History took a front seat in February 2020 when the United States signed an Agreement[7] with the Taliban in Doha, Qatar. The objective was to set the path of peace after more than eighteen years of war. The agreement entails a significant withdrawal of U. S. troops from Afghanistan and guarantees that the Taliban will not provide a safe haven for terrorists.

These talks are “truly momentous”[8] because this is the first direct dialogue between the Talibans and the Afghan government. The militants up till now had refused to engage with the government, calling them powerless and branding them as sheer American “puppets”.  The U. S. and NATO allies agreed to withdraw all troops within 14 months while the Taliban committed not to allow al-Qaeda or any extremist group to operate in the areas that are under their control. The US also agreed to lift sanctions against the Taliban and work with the UN to lift its separate sanctions against the group, as well as cutting its troop numbers in the country from about 12,000 to 8,600 and closing several bases. The deal also provides for a prisoner swap of about 5,000 Taliban prisoners and 1,000 detained Afghan security personnel.

The challenges posed during this agreement were how to include Taliban, who has rejected the legitimacy of any Western-backed government, in various governing arrangements and how to safeguard the rights of women and minorities under their stringent Islamic regime. There is a lack of significance on the endeavor with regards to the intra-Afghan talk. Under the sheer guise of an attempt to secure American forces out of Afghanistan, which could eventually allow the Taliban to regain control while guarding America from any further loss and any lasting peace in Afghanistan. For the Taliban, “peace doesn’t mean an end to the fighting, it means an end to the U.S. occupation,” says Bill Roggio, an editor for Long War Journal. “After the United States is gone, the Taliban will work to settle its scores and reestablish the Islamic emirate.”

Does the Trump Administration have the will to stay in Afghanistan until a power-sharing government is established? The intra-Afghan negotiations that began in September are painstakingly slow and complicated. For the U. S. troops to stand ground until an intra-Afghan peace deal is secured would be the best hope for securing a favorable outcome for both the Americans and the Afghans. Staying beyond May 2021 would be in violation of the February 29 Agreement between Washington and the Taliban. However, both the intra-Afghan peace negotiations, which began months after they were supposed to begin, and the Taliban’s continued relationship with al-Qaeda already violate the agreement. More substantively, Ambassador Khalilzad, Secretary of Defense Mark Esper, has publicly said that American troop withdrawals beyond those currently scheduled for November 2020 will be based on “conditions on the ground.” This phrase is usually understood to imply an evaluation of whether the Taliban has kept its counterterrorism commitments, and also an assessment of levels of violence on the ground between the Taliban and the Afghans (violence that has, tragically for so many, continued unabated). Khalilzad often indicates the essence of the February 29 deal that establishes four parts as interrelated: the U.S. withdrawal, Taliban counterterrorism commitments, a lasting ceasefire, and a roadmap for the intra-Afghan deal.[9]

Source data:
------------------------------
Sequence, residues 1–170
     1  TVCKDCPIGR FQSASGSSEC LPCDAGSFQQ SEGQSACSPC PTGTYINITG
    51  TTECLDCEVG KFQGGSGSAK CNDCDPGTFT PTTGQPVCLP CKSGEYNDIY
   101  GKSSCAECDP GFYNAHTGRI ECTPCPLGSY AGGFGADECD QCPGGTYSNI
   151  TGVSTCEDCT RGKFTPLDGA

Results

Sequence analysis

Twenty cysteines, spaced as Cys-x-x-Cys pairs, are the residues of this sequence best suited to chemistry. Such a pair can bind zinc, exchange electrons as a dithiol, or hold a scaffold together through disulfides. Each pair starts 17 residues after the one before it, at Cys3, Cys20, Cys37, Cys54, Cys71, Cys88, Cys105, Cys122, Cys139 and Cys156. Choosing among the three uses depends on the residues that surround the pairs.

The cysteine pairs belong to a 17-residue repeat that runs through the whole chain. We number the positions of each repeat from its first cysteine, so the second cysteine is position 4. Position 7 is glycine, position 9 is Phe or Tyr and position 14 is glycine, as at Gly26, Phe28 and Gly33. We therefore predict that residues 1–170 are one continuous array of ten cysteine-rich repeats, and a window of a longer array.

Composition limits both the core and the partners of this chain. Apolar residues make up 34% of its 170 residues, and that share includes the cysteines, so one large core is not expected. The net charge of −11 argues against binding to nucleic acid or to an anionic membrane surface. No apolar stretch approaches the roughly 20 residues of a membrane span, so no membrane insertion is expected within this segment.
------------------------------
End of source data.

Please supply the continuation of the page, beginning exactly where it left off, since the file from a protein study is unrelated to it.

At this juncture, the international community cannot remain inactive or passive, as there is much at stake. The withdrawal of US-led forces should not result in a situation where the Taliban consolidate their hold over the Afghan society. This will defeat the very purpose of external intervention in Afghan’s domestic affairs. This is the best shot at supporting the Afghans and their government, shedding the farce of neutrality that the Washington has been maintaining. Invigorating the Afghan government is the last resort to uphold women’s rights, human rights and democracy— all the ideals that we hold dear and the backbone of this 19-year-old war, everything that cannot be imposed. Leaving the battle before an intra-Afghan deal is reached, the risk is pushing Afghanistan into an unremitting darkness that will only lead to the annihilation of democracy in Afghanistan and the eventual victory for the Taliban. Everything that has been achieved in the past 19 years will be reduced to nothing and there could be no greater disservice to humanity. To believe that the international community has no responsibility to safeguard these gains is simply disingenuous.


[1] Soviet Union invades Afghanistan,, 27 October 2020

[2] United Nations Security Council, S/RES/1267(1999), 15 October 1999,, 27 October 2020

[3] Joint Resolution, 107th Congress Public Law,, 27 October 2020

[4] North Atlantic Treaty Organization, NATO and Afghanistan,, 27 October 2020

[5] Watson Institute, Human Cost of Post-9/11 War,, 27 October 2020

[6] Council on Foreign Relations, The Taliban in Afghanistan,, 27 October 2020

[7] Agreement for Bringing Peace to Afghanistan between the Islamic Emirate of Afghanistan which is not recognized by the United States, as a state and is known as the Taliban and the United States of America,, 27 October 2020

[8] Mail Online, Keith Griffith,, 27 October 2020

[9] Order from Chaos, Madiha Afzal,, 27 October 2020


  1. Thought provoking article.

    There is definitely challenge to humanity and i am sure this article will be read by all the responsible world leaders and they will ensure that corrective steps are taken.

    Congratulations to writer for this article.

    Liked by 1 person

Leave a Reply

Fill in your details below or click an icon to log in: Logo

You are commenting using your account. Log Out /  Change )

Facebook photo

You are commenting using your Facebook account. Log Out /  Change )

Connecting to %s